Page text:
Monday, December 26, 2016

shiftR111 Update: Generation 2 Prototype

Our Lotus shifter, the shiftR111, is making progress.  We are shooting for a late Jan/early Feb release for production parts.  Watch the video at the bottom of this blog entry to see it in action.

 We've installed the Generation 2 design into our Elise (ArtCar v2) and have conducted some basic street testing.  This second design is simpler and less costly than our first design.  The image below shows them side by side vs stock.  We learned a great deal from the Gen 1 and applied it to making the Gen 2 even better.

We're still employing the same basic mechanism as the first gen design but have taken out several machined pieces.  One area that was simplified was the reverse lockout mechanism.  Our Gen 1 used several machined parts that we ultimately deemed unnecessary.  In fact, we also chose to reuse the factory reverse collar in the Gen2.  We still need to spec in the final cable length to validate the operation but that will be quite simple - compared to most everything else!

Additionally this new design allows the factory center console to fit completely.  We know that some clients would prefer to keep their cars looking stock.  But we also know that many clients would like to have our shiftR111 exposed.  We will be designing a simple bracket that will hold the Emergency Flasher, Lock and TC buttons.

The shifter feels nice and smooth with throws that are similar to stock.  The LETSLA kit we installed on the Gen 1 version allowed us to shorten the distance to our preferred throw.  We will install it into this Gen 2 after we have completed our track testing.  Street testing has been great as the shifting is predictable and smooth.  Heel and toe downshifts have been great.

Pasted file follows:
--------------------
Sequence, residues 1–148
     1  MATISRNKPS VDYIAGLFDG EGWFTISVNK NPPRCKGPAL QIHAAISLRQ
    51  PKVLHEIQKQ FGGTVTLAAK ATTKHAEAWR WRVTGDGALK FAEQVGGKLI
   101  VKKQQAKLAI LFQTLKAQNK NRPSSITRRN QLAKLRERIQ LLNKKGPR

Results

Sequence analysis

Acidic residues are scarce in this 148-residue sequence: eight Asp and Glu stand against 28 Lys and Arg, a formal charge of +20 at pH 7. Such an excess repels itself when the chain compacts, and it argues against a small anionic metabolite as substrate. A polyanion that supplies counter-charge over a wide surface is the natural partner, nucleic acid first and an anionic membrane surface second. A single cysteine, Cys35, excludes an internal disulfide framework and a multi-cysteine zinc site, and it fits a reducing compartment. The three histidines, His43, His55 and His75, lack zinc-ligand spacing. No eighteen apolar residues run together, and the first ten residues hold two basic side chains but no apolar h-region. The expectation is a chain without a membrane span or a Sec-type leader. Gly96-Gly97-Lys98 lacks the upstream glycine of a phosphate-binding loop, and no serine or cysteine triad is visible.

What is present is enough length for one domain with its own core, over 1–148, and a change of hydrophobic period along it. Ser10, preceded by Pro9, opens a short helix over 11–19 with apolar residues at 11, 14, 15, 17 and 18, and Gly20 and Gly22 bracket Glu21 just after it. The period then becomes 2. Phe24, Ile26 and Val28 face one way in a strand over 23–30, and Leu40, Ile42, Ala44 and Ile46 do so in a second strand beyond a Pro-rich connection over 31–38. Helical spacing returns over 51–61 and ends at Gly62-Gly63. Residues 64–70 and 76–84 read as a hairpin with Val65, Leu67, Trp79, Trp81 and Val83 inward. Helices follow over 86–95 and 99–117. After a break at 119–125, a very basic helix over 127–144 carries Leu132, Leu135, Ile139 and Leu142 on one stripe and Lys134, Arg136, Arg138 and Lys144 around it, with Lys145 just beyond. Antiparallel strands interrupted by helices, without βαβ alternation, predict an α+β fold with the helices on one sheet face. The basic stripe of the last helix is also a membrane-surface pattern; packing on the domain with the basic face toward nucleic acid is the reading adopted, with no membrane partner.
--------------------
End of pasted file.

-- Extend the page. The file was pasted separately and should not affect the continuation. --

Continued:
We head to the track later this week to start testing.  I'll recruit some Lotus owners to drive her as well to add to our findings.

The finishes shown do not represent the final product.  Most of the sheet metal pieces will be black and other machined parts will be hard anodized or left as raw stainless steel.  We are shooting for a technical look that is not to bling-bling.  We'll make sure it looks properly cool.

Watch the video below:

Thursday, December 1, 2016

Tech Tip: Torque Your Dang Wheels - Carefully!

Keeping your wheels attached to your car is critically important. The most obvious opening statement for a blog post ever, I know. However, I do believe that familiarity breeds contempt and the little studs (or bolts) that hold your wheels to your ride do not get enough respect. The torque spec that your manufacture recommends is actually pretty important when it comes to wheel bolts and studs. There are times where "good and tight" is acceptable, your wheels are not one of those times.

As discussed all across the internet (including in this BLOG), and in fine books and pamphlets all over, fastener torque is critical to the strength of any joint. Also, the torque applied to a bolt is not the critical bit. What is critical is the amount a bolt is stretched (stained) when it is installed (ever wonder why rod bolts in an engine are not just torqued, but measured?). A torque value is just a handy way to measure and apply a set amount of strain. The torque value for a fastener is calculated by estimating things like the friction factor between the fastener and its mating part, or experimentally where strain is measured for a specific application and the torque required is noted.
When working on cars here, we often see studs that have obviously not been properly torqued. Usually this means they are WAY too tight and this happens for 3 main reasons:

  1. Use of an impact gun
  2. Torquing hot wheels
  3. Stud lubrication

Leave this tool in your box
when working on your sports car.
1. Impact Gun